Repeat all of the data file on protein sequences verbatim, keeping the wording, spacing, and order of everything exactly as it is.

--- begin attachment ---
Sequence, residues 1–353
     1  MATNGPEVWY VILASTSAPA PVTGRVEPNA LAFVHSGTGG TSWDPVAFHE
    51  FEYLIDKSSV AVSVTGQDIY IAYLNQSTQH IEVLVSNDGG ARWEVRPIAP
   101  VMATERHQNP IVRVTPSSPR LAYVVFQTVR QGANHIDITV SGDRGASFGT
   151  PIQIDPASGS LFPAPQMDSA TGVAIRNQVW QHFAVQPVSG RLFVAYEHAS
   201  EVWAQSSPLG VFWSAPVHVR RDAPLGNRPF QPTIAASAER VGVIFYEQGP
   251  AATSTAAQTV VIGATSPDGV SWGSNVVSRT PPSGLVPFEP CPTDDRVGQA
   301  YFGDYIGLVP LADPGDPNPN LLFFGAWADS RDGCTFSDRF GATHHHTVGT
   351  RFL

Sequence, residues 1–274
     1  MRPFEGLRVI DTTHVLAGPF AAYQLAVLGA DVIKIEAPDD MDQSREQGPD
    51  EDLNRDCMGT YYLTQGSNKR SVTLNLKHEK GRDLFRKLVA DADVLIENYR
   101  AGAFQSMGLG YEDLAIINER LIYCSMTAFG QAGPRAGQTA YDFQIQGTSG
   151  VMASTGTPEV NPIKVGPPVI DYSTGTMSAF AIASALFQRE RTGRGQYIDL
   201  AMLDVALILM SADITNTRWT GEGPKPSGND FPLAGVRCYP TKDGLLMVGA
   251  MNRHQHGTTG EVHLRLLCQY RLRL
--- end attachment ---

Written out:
Sequence, residues 1–353
     1  MATNGPEVWY VILASTSAPA PVTGRVEPNA LAFVHSGTGG TSWDPVAFHE
    51  FEYLIDKSSV AVSVTGQDIY IAYLNQSTQH IEVLVSNDGG ARWEVRPIAP
   101  VMATERHQNP IVRVTPSSPR LAYVVFQTVR QGANHIDITV SGDRGASFGT
   151  PIQIDPASGS LFPAPQMDSA TGVAIRNQVW QHFAVQPVSG RLFVAYEHAS
   201  EVWAQSSPLG VFWSAPVHVR RDAPLGNRPF QPTIAASAER VGVIFYEQGP
   251  AATSTAAQTV VIGATSPDGV SWGSNVVSRT PPSGLVPFEP CPTDDRVGQA
   301  YFGDYIGLVP LADPGDPNPN LLFFGAWADS RDGCTFSDRF GATHHHTVGT
   351  RFL

Sequence, residues 1–274
     1  MRPFEGLRVI DTTHVLAGPF AAYQLAVLGA DVIKIEAPDD MDQSREQGPD
    51  EDLNRDCMGT YYLTQGSNKR SVTLNLKHEK GRDLFRKLVA DADVLIENYR
   101  AGAFQSMGLG YEDLAIINER LIYCSMTAFG QAGPRAGQTA YDFQIQGTSG
   151  VMASTGTPEV NPIKVGPPVI DYSTGTMSAF AIASALFQRE RTGRGQYIDL
   201  AMLDVALILM SADITNTRWT GEGPKPSGND FPLAGVRCYP TKDGLLMVGA
   251  MNRHQHGTTG EVHLRLLCQY RLRL